“Non fui, fui, non sum, non curo.”
“I did not exist… I existed… I exist not… I don’t care!” That simple Latin motto can be found all over the gravestones of ancient Rome. It’s from the philosopher Epicurus.
He reasoned that there was nothing to fear in death because, when it comes, we are no longer around to suffer. Worrying about dying, Epicurus argued, is as illogical as worrying about the world before we were born into it. Put simply, Epicurus did not have patience for the idea of a hereafter. He was a believer in the here and now!
In that respect, he had much in common with Jewish attitudes throughout the ages—and with that warmest of Jews, a man who had a lot of attitude: our beloved Sheldon.
In the two years since Sheldon left us, I’ve done a great deal of thinking about mortality. I’ve done a great deal of reading, too—including about Epicurus. But coming across “Non fui, fui, non sum, non curo,” all I could think was, “You never knew Sheldon!” Had Epicurus jumped forward in time 2,300 years to meet my husband, he would have had to come up with a different motto.
Because Sheldon did worry about the world that preceded his birth—those long centuries in which Jews were persecuted, without a homeland to protect them. And he dedicated his life to changing that for good. Not for nothing are we gathered here, at the Mount of Olives: Sheldon rests forever in the heart of a reunited Jerusalem, the capital of a reborn Israel—both of which gained such strength and glory from his contributions.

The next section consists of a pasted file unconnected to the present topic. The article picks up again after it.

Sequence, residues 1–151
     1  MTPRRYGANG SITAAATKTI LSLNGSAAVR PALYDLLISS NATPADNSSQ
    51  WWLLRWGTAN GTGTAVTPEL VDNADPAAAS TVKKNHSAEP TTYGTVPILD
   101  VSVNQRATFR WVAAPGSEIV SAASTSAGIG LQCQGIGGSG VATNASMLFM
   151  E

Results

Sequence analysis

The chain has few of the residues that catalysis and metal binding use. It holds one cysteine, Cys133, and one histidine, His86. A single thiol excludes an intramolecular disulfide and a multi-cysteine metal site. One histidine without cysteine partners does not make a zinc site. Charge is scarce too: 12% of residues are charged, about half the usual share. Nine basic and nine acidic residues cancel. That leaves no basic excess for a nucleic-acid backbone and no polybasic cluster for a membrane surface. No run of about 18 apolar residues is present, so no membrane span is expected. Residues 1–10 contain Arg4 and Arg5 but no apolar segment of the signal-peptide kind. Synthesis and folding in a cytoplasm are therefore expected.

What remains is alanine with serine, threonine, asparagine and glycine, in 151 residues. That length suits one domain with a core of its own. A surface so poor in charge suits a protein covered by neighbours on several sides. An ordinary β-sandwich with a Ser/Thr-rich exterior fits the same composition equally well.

And while he knew that he would die one day—as do we all—Sheldon made sure to secure his own kind of afterlife.
I don’t mean that metaphysically—though I sincerely believe my soul will be reunited with his, one day, in a better place. No: What I mean is that, by creating so many magnificent businesses, by generating funds for charities of unprecedented scale and duration, Sheldon is survived not just by us—his loving family and friends—but by countless others, all over the world.
In each of them, his spirit lives on. In each grateful employee who had the means to raise a happy and healthy family thanks to Sheldon’s generous management; in each needy person who was spared poverty, given the opportunity of an education or of elder care thanks to Sheldon’s philanthropy; in each sick person who may one day be cured thanks to the Adelson Medical Research Foundation; in each young Jew—hundreds of thousands of them!—who discovered Israel thanks to Birthright; in each Israeli or American who is safer and walks prouder thanks to Sheldon’s promotion of these two great nations.
So many people. So many lives, different but intertwined. I think of them… and I think of flying over Macau, with Sheldon, and seeing the Pearl River Delta—a grand waterway splitting into an infinity of others as it left the Chinese mainland and met the sea.
Sheldon was a “delta” too. His energy and vision and genius were so powerful that they will never stop flowing. Nor will my love for him. It flows still to Sheldon when we meet in my memories and dreams. And it flows to you all—his children and grandchildren, his friends who reflected his values and dynamism. Thank you all for being here today. Thank you all for coming together so marvelously over the last two years. In each of you is the blessing that was Sheldon.
Dr. Miriam Adelson, M.D., is a specialist in chemical dependency and drug addiction. She is the publisher of “Israel Hayom.”
This article first appeared in Israel Hayom.
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